Andrea Agnelli, a former chairman of Juventus, reaffirmed his support for a European Super League during his farewell address to the Italian team.
In the midst of a police investigation into the club’s moves, the 47-year-old and the other members of the Juventus board all abruptly quit in November.
“European football needs a new system,” Agnelli stated.
“Otherwise it risks a decrease in favour of a single dominant league which within a few years will attract all the talent of European football within its league, completely marginalising the other leagues and the others are already marginalised.”
The ESL plan, which included 12 clubs when it was first revealed in April 2021, was abandoned after just 72 hours when nine clubs withdrew in the face of fan outrage and objections from regulating authorities.
The ESL, which claimed Uefa and Fifa violated European Union competition law by preventing its foundation, has not been withdrawn by Juventus, Barcelona, or Real Madrid.
“When I was president of the ECA (European Clubs Association) and of the Uefa executive committee, the analysis was evident,” said Agnelli.
“There was no club sustainability, a vertical polarisation of interest towards only two leagues, access to very risky financial instruments and fan disaffection.
“The proposal at the time was the creation of a league system with access different from the classic ones. This proposal was made in 2019.
“If I personally wanted to maintain my privileged situation, I would not have taken the decisions of April 2021.”
Uefa and Fifa’s activities were “compatible with EU competition law,” according to advocate general Athanasios Rantos in a report issued by the European Court of Justice in December.
A 15-member Grand Chamber will render a decision in the following spring.
Andrea Agnelli continued: “The hope is that the European Court of Justice recognises professional sport as an industry, since the turnover of football is 55 billion euros (£48bn).”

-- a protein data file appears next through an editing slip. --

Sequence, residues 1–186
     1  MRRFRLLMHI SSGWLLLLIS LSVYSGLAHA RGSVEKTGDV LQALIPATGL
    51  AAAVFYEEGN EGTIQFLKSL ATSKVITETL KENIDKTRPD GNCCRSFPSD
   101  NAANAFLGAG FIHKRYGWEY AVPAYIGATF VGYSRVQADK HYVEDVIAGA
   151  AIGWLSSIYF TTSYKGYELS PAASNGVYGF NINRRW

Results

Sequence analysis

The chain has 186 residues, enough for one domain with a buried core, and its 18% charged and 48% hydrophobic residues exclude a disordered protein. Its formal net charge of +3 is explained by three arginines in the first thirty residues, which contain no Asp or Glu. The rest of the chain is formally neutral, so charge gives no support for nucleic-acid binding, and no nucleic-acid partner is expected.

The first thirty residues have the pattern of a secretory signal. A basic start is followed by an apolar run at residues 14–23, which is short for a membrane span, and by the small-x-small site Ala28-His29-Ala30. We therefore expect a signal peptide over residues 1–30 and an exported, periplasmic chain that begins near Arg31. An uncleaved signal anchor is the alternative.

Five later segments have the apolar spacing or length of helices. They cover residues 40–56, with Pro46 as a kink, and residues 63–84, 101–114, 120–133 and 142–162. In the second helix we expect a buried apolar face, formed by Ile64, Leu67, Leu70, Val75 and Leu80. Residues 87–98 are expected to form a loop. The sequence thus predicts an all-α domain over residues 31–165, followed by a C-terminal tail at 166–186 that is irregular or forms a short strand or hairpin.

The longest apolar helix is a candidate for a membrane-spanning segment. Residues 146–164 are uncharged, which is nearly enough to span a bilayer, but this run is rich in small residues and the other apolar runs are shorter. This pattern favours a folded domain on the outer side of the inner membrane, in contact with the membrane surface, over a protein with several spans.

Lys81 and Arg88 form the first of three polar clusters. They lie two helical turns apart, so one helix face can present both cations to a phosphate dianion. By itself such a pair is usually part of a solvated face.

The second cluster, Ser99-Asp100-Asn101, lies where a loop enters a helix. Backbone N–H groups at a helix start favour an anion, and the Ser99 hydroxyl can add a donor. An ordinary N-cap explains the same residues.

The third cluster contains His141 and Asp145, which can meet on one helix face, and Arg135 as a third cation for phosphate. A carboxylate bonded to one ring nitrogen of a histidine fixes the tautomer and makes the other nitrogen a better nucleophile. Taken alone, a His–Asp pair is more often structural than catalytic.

“I thank Real Madrid and Barcelona who, together with Juventus, had the courage to face the threats from Uefa.”
Agnelli said the aforementioned on Wednesday at a Juventus shareholders meeting where a new board of directors was ratified and he was succeeded as chairman by Gianluca Ferrero.
The Italian powerhouses won nine straight Serie A championships under Agnelli’s 13-year reign, but they finished fourth last season and suffered a record-breaking loss of 254 million euros (£220 million).
Juventus, a publicly traded company in Italy, is under investigation for allegedly giving investors incorrect financial information and generating invoices for fictitious transactions.
Agnelli and the recently-resigned vice president Pavel Nedved are two of the people being looked into.
Any impropriety has been denied by the club.
The Italian Football Federation (FIGC) initiated a parallel inquiry in October that is also looking into other clubs.
Andrea Agnelli is an Italian businessman who was born on 6 December 1975.
Since May 2010 until his resignation in November 2022, Agnelli presided over Italian football club Juventus F.C. The Turin Public Prosecutor’s Office had initiated a Financial Accounts Probe after receiving information that suggested intentional wrong-doing in accounting.
Agnelli was appointed to the UEFA Executive Committee in 2015 and previously held the positions of Executive Member and Chairman of the European Club Association.
He comes from the family of industrialist Agnelli. Additionally, he serves on the boards of Stellantis and Exor.
European Super League
Twenty European football clubs, twelve of which would have been the league’s founding members, would have competed in the debut season of the European Super League (ESL), formally known as The Super League.
It was run by the European Super League Company, S.L., a company founded to compete with the UEFA Champions League, the top club football competition in Europe run by UEFA.
The European Super League, which was announced in April 2021, was met with strong criticism from supporters, players, managers, legislators, and other clubs in England, the nation with the highest representation in the initiative with six teams.
UEFA, FIFA, and certain national governments were also against it.
Since only elite teams from a select few European nations would have participated, the ESL received a great deal of criticism for being elitist and lacking in competition.
Later, the ESL’s surviving members declared they would restructure the project into a more open structure.
Three days later, the ESL made the decision to halt operations while a legal battle developed.